Badge from Diamond Age Comes to DEF CON

We’re huge fans of [Neal Stephenson’s] work and are usually looking to assign some of his vision to the gear that pops up in the real world. But there’s no stretching or squinting necessary with this one. [Kerry Scharfglass] has built a functioning Drummer’s Badge from the foundational Sci-Fi novel The Diamond Age.

The badge is called Sympetrum, which is a genus of dragonfly. In explaining what the badge is and does, [Kerry] instructs you to go and read the book first and we couldn’t agree more. This isn’t recommended reading; if you’re a geek you need to read this book.

The dragonfly badges are from a portion of the book that gets pretty weird, but the gist is that rod-logic (machines build from microscopic carbon nanotubes) is so pervasive that at all times you’re covered in mites that are actually machines. At a party, one of the characters notices everyone is wearing dragonfly pins that begin to pulse with the music and synchronize with each other. They’re actually indicators of what the mites within the wearers’ bodies are doing — synchronizing people with other people.

This badge is a working recreation of that, presumably without the billions of mites controlling people (but who knows, it is DEF CON). At the center of the badge is an STM32 driving ten APA102 modules. Interactivity is based on IR signaling. The badge will cycle random color animations when alone. But each badge also projects clock sync and metadata over infrared, so put some of them in the same room and they’ll tend to synchronize.

Simple, beautiful, and a great geeky backstory. This example of Badgelife proves that hardware badges don’t need to be packed with features, or have a huge BOM cost. If done well, you can do an awful lot with just a little hardware and strong dose of inspiration. It also makes hand-assembly a lot more approachable, which is what you can see in the images above. Thanks [Kerry] for giving us an early look at this badge, can’t wait to see them at the CON.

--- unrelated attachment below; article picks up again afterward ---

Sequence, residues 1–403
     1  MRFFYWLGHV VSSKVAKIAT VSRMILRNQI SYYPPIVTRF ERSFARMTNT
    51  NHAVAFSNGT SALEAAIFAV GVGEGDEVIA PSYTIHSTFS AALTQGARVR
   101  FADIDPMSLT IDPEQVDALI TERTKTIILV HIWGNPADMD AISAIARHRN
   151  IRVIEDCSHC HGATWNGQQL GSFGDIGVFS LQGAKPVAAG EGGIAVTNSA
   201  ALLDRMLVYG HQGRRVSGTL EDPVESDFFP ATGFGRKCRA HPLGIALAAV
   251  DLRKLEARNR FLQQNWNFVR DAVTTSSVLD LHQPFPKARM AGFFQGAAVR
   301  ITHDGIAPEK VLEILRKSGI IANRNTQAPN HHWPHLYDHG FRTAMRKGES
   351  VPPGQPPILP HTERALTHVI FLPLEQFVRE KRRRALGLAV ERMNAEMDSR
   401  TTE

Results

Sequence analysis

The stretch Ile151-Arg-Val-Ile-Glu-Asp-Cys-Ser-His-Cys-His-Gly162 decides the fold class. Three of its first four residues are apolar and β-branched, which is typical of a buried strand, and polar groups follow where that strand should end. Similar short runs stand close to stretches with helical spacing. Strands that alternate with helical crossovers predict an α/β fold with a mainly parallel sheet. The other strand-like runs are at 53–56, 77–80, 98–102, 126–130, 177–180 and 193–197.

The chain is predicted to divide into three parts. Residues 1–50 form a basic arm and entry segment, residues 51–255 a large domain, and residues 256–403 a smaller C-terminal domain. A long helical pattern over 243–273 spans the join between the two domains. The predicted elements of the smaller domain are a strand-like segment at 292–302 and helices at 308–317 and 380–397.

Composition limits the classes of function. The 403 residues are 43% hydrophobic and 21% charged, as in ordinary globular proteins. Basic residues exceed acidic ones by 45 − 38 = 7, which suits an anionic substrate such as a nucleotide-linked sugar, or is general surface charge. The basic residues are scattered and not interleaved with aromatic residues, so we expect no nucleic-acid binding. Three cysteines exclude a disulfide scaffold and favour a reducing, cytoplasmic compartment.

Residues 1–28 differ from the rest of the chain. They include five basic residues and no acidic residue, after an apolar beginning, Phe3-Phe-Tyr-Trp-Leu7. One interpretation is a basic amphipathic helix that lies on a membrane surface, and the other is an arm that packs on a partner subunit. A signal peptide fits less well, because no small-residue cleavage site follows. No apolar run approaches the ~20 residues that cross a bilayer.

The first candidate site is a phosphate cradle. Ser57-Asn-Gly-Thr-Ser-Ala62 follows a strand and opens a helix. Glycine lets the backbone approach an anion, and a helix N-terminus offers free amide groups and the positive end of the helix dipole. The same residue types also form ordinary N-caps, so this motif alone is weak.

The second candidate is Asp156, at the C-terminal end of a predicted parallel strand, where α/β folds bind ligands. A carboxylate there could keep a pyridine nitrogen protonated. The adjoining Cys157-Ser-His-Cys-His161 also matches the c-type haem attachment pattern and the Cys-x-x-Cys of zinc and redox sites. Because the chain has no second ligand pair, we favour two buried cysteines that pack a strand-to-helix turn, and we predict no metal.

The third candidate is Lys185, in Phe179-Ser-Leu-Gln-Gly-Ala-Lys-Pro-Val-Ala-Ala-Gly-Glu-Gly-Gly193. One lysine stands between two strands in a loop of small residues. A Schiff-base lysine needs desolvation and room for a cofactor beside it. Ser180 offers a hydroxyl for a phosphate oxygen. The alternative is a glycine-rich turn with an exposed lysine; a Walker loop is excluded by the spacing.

We’ll be looking for this and all other #Badgelife offerings at DEF CON 25. Join us for a Hackaday meetup on Sunday morning as we once again do Breakfast at DEF CON

Pop-up dragonfly robot could be the future of business cards

Engineers trying to be memorable at a job interview would be wise to pull one of these pop-up robots out of a wallet. This marvel of engineering uses a laminate construction technique to build a robot as a pop-up assembly. You can see the base used during the process, it’s a hexagon that serves as a scaffolding during the laminating process, and includes mechanical linkages that facilitate assembly.

The design calls for multiple layers of materials to be laser-cut to exacting specifications. Once all parts are completed, they are stacked using rods to align them, then fused together. One more trip through the laser cutter finishes the milling and the machine is ready for assembly. But with parts this small, you’ll want a solid method for putting everything together. The linkages we mentioned before allow for this when two parts of the scaffolding are separated. The only thing that makes this impossible as a business card is the need for a trip through the solder bath to cement the pieces in place. But perhaps some type of clasping mechanism could remove this need in the future.

Don’t miss the video after the break that explains the entire process. You’ll even get to see the little guy flap his wings. That’s all that it does for now, there isn’t any steering mechanism available as of yet.

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The CIA’s amazing bots

When you have a virtually unlimited budget, you can pull off some amazing things. This has become most evident recently as the CIA has been showing off some of its old tech. That dragonfly you see above is near life-size and actually flies. They hired a watch maker to build a tiny internal combustion engine to run it. That alone is pretty amazing, but this thing was actually flying in the 70’s. Upon further inspection of the wings, we actually have no idea how this sucker is supposed to fly. Despite our skeptical viewpoint, you can see a tiny clip of it flying after the break.  You can also catch a video of “charlie” the robot catfish.

[via Botjunkie]

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